The status quo adopted by the Reserve Bank on Monday disappointed bankers as they were expecting rate cuts, but found takers in economists who hailed the move as a prudent step given the inflationary pressures and lack of any credible fiscal measures.
"We were overwhelmed by the current need for growth revival. We were slightly over optimistic, but the Reserve Bank has taken a very balanced view because it analyses data from the macro-level," Indian Overseas Bank Chairman and Managing Director M Narendra told PTI.
"It is clear that for the RBI, inflation is still the primary concern. They feel that controlling inflation is more important than pushing growth and we can see a rate cut only in the event of a reduction in inflation," Andhra Bank Chairman and Managing Director B A Prabhakar said.
However, economists heaped praise on the RBI for not giving into the widespread calls for cutting rates.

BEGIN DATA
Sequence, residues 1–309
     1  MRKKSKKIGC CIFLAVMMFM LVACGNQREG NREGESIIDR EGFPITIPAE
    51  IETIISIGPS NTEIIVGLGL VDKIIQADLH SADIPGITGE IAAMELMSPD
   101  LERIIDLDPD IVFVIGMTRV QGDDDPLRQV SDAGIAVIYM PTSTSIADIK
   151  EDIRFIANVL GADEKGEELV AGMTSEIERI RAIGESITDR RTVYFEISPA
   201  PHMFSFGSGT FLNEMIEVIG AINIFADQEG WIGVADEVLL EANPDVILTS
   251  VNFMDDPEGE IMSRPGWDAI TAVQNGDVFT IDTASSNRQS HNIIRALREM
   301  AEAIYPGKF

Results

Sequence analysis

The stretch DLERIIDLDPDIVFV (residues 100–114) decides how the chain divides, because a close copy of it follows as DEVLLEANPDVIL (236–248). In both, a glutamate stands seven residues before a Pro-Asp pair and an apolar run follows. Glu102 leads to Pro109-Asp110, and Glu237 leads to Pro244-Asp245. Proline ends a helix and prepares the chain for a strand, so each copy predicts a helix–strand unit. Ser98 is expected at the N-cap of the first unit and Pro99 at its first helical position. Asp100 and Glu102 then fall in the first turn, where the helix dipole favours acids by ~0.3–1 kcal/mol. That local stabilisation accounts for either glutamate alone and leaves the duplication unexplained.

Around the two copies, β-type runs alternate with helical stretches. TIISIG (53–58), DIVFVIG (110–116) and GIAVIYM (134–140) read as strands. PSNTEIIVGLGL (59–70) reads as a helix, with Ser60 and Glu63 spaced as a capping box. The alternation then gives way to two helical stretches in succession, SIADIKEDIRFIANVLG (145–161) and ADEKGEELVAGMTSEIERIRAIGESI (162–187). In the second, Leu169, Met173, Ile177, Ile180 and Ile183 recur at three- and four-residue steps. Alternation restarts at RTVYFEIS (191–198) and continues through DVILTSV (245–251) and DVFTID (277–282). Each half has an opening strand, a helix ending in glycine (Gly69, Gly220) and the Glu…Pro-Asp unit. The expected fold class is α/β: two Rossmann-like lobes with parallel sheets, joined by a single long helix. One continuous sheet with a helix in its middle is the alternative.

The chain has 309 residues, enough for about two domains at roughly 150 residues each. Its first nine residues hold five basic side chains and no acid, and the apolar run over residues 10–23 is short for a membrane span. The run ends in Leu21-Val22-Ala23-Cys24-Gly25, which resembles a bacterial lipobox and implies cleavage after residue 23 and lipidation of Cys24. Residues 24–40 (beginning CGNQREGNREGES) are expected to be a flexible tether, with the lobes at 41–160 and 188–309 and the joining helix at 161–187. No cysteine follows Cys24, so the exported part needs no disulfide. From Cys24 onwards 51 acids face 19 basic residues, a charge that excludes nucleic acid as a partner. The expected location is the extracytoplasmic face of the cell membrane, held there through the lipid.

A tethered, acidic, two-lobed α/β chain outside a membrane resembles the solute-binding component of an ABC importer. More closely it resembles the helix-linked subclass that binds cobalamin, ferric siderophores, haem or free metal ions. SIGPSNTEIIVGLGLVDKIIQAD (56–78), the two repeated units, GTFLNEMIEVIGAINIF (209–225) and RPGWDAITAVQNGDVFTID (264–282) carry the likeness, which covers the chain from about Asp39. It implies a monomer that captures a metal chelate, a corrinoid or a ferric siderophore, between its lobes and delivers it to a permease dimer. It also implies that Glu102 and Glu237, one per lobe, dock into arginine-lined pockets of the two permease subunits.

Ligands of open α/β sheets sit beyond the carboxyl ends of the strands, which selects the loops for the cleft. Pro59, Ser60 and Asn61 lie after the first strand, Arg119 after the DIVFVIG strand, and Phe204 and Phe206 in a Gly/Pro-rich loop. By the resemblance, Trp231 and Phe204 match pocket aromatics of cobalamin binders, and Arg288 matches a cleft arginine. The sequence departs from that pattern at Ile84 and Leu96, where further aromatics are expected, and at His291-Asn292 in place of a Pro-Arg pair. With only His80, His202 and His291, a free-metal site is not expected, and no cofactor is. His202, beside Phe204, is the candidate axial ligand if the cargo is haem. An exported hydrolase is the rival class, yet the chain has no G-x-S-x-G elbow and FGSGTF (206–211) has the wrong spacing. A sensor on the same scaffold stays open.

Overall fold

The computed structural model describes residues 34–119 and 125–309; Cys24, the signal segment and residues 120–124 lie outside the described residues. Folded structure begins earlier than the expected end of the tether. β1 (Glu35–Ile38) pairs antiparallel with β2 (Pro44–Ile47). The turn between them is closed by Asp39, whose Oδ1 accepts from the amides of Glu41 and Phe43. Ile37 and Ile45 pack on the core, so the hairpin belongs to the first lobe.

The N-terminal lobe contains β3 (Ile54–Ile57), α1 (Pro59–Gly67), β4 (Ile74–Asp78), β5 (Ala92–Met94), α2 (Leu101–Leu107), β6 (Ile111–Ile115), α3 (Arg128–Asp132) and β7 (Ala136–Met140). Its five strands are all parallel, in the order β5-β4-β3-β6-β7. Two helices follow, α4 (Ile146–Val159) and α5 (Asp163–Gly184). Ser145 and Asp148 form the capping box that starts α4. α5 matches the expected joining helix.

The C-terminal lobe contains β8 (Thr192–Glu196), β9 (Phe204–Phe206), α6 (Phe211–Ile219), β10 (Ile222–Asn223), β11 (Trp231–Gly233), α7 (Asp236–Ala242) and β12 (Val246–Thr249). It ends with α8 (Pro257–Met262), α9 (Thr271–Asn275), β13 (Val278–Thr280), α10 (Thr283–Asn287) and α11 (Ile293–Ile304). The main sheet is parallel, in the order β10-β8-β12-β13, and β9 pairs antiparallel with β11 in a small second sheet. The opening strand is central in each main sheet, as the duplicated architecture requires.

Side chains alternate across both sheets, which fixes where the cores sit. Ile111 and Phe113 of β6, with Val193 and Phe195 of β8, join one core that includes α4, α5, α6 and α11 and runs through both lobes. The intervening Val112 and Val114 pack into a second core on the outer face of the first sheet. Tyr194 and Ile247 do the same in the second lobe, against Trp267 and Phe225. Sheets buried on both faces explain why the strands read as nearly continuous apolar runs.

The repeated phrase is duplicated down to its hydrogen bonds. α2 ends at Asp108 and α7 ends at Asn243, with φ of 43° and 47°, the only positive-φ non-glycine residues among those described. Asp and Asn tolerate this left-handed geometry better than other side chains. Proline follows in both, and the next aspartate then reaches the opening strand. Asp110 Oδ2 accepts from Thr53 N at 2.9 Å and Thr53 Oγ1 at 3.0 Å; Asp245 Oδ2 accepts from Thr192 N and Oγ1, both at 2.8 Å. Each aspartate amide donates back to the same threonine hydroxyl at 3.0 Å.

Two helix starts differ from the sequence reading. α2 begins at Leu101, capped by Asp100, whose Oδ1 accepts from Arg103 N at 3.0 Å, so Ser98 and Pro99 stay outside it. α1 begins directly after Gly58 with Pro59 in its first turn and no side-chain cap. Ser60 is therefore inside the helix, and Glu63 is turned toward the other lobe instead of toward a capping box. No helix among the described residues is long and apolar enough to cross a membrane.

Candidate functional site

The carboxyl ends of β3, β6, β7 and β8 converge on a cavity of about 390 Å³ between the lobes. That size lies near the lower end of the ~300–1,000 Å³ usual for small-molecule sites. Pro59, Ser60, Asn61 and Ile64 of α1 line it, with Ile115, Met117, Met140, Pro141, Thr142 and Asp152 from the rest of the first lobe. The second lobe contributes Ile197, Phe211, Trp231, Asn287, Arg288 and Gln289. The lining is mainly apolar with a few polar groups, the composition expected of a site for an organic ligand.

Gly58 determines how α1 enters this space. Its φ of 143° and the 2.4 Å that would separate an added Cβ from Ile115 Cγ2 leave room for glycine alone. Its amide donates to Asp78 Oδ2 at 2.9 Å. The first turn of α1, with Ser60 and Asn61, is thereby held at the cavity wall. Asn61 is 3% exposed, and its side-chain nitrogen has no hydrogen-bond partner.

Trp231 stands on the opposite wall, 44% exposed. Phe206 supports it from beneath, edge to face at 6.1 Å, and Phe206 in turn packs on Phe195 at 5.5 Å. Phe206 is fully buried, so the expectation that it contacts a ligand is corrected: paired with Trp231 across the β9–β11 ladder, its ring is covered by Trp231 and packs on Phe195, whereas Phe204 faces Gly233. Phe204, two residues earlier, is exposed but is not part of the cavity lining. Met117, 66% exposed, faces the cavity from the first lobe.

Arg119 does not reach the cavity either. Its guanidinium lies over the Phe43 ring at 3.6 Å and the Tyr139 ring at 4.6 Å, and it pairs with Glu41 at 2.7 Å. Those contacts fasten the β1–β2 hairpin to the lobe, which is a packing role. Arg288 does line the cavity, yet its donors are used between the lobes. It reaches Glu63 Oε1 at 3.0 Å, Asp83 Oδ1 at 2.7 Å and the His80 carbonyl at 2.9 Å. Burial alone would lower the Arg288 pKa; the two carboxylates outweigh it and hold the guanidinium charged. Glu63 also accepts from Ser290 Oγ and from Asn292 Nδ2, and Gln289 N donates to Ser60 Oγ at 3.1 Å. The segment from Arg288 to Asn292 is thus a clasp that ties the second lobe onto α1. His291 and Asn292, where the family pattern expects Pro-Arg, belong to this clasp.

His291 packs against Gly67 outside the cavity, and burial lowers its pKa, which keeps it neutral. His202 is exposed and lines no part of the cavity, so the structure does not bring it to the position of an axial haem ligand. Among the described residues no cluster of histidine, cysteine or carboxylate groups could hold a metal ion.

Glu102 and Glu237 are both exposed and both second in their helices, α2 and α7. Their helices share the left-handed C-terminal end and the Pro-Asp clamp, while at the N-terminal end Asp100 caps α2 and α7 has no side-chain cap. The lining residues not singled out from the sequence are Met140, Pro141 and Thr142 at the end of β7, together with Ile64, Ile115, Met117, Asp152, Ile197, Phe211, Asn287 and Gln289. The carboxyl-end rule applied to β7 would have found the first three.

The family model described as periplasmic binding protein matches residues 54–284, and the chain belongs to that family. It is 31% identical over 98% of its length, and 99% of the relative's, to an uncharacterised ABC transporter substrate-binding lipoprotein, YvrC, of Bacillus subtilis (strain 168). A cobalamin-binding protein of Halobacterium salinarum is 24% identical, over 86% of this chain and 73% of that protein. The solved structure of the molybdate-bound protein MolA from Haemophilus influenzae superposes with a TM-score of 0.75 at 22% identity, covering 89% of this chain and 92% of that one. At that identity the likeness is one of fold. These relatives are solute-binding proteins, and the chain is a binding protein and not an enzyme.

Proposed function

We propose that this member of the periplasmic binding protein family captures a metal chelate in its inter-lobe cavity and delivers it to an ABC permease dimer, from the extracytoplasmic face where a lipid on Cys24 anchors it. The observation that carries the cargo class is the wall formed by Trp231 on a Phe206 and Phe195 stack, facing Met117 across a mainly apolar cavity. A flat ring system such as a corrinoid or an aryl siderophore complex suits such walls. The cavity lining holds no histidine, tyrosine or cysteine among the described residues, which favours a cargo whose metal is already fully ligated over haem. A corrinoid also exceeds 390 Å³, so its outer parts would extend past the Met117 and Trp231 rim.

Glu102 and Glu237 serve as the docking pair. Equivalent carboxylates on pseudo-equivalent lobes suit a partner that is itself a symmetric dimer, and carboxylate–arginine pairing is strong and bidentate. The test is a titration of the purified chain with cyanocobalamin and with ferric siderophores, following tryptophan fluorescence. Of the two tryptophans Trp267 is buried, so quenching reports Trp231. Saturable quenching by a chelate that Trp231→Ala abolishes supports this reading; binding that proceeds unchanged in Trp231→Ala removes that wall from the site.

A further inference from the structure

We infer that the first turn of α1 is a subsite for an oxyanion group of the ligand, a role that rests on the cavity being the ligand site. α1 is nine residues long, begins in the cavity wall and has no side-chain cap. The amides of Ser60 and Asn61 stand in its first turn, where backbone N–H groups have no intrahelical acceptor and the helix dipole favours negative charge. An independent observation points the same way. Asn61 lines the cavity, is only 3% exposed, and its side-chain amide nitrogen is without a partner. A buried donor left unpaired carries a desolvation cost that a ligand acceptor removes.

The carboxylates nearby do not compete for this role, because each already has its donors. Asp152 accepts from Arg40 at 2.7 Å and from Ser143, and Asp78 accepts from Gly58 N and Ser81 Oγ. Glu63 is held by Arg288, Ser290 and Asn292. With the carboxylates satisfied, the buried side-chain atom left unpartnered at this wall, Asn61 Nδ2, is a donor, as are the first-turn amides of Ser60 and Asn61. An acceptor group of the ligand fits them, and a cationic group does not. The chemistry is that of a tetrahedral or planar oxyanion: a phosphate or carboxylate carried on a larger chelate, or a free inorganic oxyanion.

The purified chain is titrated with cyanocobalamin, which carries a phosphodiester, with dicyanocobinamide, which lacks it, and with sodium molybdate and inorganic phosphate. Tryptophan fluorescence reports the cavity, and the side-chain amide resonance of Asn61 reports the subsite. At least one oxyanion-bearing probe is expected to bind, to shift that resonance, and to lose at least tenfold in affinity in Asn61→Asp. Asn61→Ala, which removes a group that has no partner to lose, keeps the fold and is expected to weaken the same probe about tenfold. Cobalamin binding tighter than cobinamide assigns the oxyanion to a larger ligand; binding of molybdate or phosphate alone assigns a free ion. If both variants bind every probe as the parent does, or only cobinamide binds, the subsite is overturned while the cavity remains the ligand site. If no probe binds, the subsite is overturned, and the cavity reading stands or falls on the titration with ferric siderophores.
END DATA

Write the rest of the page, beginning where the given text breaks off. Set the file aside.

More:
"This is a very objective policy and it was good to note that the RBI has not leaned to market pressures on reduction of policy interest rates," Kotak Bank Chief Economist Indranil Pan said.
Federal Bank Managing Director and Chief Executive Shyam Srinivasan said the RBI has made a tough call by focusing on inflation and signaling that supply side issues should be addressed by the Government. However, he expected some positive indications from the July policy as by that time RBI will have clearer picture on the domestic growth issues as well as the Eurozone crisis. Moreover, the easing commodity prices should help it in formulating its policy.
On if the export credit enhancement will have any tangible impact, Srinivasan said: "Not immediately but maybe over the next three to four months. But the statement that it will continue to hold more OMOs (Open Market Operations) is a welcome measure."
Kotak Mahindra Bank Consumer Banking President K V S Manian termed the RBI stance as a "severe disappointment" and said the apex bank has sent a strong signal in asserting its independence by putting the ball onto the fiscal and government-related side. "Delhi and Mumbai are two horses that pull this economy 'carriage'. The Delhi (seat of govt) horse cannot transfer all burden to the Mumbai (RBI HQ) horse," he said.